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Gin and Jenever

Gin and jenever, often considered to be historical siblings in the world of spirits, have etched distinct paths across time, carving out unique spaces in the cultural and social fabric of society. The juniper-flavoured journeys of these two spirits encompass a rich tapestry of history, tradition, and modern reinvention, standing as both testament and tribute to Europe's diverse distilling heritage.


Jenever, also known as genever or Holland gin, is the forebear of modern gin and hails from the Netherlands and Belgium. Its origins can be traced back to the 16th century when it began as a medicinal elixir. Distilled from malt wine and infused with juniper berries, which were believed to have healing properties, jenever was the remedy of choice for various ailments. The spirit was hearty, rich, and malty, much different from the clear, crisp gins we are familiar with today.

There are two main types of jenever: 'oude' (old) and 'jonge' (young), which do not denote age but rather the distilling techniques and ingredients used. Oude jenever must contain at least 15% malt wine, though it can go as high as 50%, and up to 20 grams of sugar per litre. Jonge Jenever has a maximum of 15% malt wine and 10 grams of sugar per litre. Both styles must have a juniper flavour as the predominant note, but oude is often smoother, with a slightly sweet and aromatic complexity.


The story of gin begins with jenever's journey to Great Britain in the 17th century. English soldiers fighting in the Thirty Years' War were given jenever to bolster morale before battle, a practice that gave rise to the term "Dutch courage." Over time, British distillers adapted the recipe, creating a drier spirit that suited the English palate. The Gin Craze of the 18th century saw the drink's popularity explode, with the resulting social problems leading to a series of legislative actions known as the Gin Acts.

Modern gin has evolved to become a lighter, more refined spirit, often categorised as London dry gin, although it does not have to be made in London. The hallmark of a London dry gin is that all flavours must be introduced during the distillation process, with no artificial flavours or colours added post-distillation. It's a style defined by its crisp juniper taste, with subtle notes of citrus and spice and a clear, clean finish.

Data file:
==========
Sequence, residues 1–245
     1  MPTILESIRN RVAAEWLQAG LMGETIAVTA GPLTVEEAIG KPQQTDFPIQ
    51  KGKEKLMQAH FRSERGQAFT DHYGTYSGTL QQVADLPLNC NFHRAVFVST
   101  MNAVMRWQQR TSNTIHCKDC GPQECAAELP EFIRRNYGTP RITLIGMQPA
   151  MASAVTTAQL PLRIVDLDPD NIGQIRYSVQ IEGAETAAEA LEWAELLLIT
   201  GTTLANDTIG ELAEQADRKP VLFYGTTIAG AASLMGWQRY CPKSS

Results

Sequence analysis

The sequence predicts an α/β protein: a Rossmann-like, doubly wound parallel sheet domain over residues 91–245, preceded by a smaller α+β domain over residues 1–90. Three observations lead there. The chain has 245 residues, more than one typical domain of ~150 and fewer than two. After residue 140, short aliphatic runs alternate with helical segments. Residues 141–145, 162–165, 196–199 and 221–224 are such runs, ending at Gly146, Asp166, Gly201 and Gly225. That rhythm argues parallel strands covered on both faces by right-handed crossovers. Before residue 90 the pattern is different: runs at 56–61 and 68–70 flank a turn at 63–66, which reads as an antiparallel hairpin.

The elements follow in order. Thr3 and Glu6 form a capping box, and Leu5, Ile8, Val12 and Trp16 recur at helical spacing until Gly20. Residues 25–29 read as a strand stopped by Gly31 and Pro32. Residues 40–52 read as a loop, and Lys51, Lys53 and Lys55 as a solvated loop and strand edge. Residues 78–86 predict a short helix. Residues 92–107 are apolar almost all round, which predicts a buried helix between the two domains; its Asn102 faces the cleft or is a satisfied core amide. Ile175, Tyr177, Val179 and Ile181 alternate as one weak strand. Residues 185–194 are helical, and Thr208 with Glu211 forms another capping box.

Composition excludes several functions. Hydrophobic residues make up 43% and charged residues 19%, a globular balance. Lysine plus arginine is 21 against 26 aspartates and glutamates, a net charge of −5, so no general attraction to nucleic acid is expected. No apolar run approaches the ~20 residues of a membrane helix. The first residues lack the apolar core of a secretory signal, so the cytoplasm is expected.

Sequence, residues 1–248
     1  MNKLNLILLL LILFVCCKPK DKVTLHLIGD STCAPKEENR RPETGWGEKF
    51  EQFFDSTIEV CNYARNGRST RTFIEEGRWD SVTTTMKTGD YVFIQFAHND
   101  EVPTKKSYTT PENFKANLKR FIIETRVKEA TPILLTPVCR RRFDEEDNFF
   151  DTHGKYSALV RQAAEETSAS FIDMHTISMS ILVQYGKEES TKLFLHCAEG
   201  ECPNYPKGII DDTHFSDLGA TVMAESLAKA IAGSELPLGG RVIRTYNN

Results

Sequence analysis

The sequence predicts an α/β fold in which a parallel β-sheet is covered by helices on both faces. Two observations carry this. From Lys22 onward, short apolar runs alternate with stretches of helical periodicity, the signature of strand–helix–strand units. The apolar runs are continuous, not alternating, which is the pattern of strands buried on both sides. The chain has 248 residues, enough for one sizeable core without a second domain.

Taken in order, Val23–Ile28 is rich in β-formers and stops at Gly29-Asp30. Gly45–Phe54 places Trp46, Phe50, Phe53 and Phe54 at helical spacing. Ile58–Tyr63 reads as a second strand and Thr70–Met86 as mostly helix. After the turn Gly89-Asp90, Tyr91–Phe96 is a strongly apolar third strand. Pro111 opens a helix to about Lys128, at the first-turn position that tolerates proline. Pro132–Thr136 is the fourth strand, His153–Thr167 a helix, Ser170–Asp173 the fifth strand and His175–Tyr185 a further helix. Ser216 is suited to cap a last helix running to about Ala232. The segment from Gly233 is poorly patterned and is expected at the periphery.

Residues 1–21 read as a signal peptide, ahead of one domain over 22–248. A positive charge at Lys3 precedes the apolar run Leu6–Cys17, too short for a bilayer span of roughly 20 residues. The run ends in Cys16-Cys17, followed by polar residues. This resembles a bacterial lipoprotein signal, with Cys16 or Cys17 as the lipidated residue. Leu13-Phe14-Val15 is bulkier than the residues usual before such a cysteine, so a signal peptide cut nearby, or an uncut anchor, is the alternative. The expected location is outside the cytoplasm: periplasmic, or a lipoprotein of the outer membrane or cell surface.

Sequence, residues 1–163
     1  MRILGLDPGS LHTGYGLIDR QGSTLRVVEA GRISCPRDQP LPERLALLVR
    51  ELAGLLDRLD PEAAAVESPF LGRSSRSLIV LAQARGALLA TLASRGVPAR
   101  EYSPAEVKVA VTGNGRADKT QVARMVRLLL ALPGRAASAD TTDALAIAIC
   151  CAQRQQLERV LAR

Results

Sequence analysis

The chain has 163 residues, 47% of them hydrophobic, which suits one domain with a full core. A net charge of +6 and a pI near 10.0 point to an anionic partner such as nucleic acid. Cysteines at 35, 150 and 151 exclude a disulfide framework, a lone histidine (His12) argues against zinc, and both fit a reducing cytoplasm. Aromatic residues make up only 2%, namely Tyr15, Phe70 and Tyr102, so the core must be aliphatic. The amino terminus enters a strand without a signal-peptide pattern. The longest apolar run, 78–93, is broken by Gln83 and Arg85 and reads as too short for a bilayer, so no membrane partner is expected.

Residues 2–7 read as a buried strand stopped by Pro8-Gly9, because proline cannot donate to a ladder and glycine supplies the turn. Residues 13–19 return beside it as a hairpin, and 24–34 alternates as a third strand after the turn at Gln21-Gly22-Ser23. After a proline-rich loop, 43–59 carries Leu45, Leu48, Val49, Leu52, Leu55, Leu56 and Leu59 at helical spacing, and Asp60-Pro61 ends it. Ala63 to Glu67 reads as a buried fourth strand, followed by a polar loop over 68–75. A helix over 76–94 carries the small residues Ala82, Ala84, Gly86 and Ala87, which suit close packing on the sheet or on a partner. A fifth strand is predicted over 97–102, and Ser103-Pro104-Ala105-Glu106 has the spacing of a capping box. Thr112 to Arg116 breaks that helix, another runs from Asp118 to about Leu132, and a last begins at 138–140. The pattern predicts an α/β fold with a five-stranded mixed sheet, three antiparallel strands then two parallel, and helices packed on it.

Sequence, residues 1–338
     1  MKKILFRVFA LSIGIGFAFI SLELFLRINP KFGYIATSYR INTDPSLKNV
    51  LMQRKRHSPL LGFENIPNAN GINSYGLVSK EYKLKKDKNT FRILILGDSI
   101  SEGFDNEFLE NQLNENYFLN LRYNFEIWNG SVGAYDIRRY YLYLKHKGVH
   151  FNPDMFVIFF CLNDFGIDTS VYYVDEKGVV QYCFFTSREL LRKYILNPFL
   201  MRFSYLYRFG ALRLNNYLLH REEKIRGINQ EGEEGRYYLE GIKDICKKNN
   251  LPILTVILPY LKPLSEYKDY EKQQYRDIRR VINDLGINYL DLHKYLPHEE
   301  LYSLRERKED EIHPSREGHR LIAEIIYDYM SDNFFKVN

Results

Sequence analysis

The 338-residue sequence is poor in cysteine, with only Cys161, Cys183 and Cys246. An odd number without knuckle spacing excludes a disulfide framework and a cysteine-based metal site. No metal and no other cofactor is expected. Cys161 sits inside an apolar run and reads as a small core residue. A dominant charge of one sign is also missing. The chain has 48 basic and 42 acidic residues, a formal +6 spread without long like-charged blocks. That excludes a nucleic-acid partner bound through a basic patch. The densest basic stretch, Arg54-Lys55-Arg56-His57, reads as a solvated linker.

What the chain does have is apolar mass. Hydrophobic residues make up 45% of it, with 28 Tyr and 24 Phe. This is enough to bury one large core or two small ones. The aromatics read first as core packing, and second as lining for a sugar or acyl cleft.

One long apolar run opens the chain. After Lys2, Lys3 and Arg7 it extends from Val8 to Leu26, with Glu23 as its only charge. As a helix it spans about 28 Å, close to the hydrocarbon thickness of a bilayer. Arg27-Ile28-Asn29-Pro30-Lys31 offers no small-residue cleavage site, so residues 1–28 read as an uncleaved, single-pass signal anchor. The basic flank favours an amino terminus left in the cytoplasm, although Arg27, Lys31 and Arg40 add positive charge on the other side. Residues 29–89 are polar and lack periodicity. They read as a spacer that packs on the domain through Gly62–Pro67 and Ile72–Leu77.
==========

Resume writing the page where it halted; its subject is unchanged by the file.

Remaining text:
Botanical Alchemy

The essence of both gin and jenever is derived from their botanicals. Juniper is the cornerstone, but a plethora of other botanicals, such as coriander, citrus peels, angelica root, and cardamom, are also commonly used. The skill in crafting these spirits lies in the delicate balance of these ingredients, with each distillery having its own closely guarded recipes.

In the case of jenever, the malt wine base provides a rich, grainy backdrop that carries the botanicals, giving the spirit a robust, often slightly savoury flavour profile. Gin, particularly the London dry style, uses a neutral grain spirit as its canvas, allowing the crispness of the juniper and the nuances of other botanicals to shine through more directly.

Cultural Renaissance and Cocktail Culture

Both gin and jenever have experienced a cultural renaissance in recent years. Gin, especially, has undergone a resurgence, with a new wave of craft distilleries experimenting with local botanicals and unique production methods. The rise of gin bars and gin-focused cocktails has reignited interest in the spirit, celebrating its versatility and capacity for expression.

Jenever, too, is enjoying a revival, particularly in its native lands. Its unique taste profile has caught the attention of spirit enthusiasts and bartenders looking for depth and originality in their creations. From classic jenever-based cocktails like the Dutch Negroni to modern interpretations, the spirit is finding new audiences.

Sipping and Savoring

Enjoying gin or jenever is an experience that harks back to their storied pasts. Traditional jenever is often sipped neat or with a little water, served at room temperature to appreciate its full-bodied flavour. It's also a cultural experience to drink it from a tulip-shaped glass, which is filled to the brim in the Dutch 'kopstootje' tradition, to be sipped cautiously at first to prevent spilling.

Gin, meanwhile, has found its fame in cocktails, the most famous being the martini and the gin and tonic. Its versatility also makes it suitable for a wide array of mixers and garnishes, each combination unlocking different facets of the gin's character.

Sustainability and Innovation

As consumers become more environmentally conscious, gin and jenever producers are embracing sustainability. From sourcing local botanicals to employing green distilling techniques, the industry is innovating to reduce its environmental footprint.

Gin and jenever, each with a distinct personality, share a common lineage that continues to evolve. As they navigate the complexities of modern tastes and environmental concerns, these spirits not only embody the essence of their history but also the spirit of innovation. Whether savoured neat or mixed into a refreshing cocktail, gin and jenever offer a sense of connection to a deep and flavourful tradition that invites discovery and delight with every sip.

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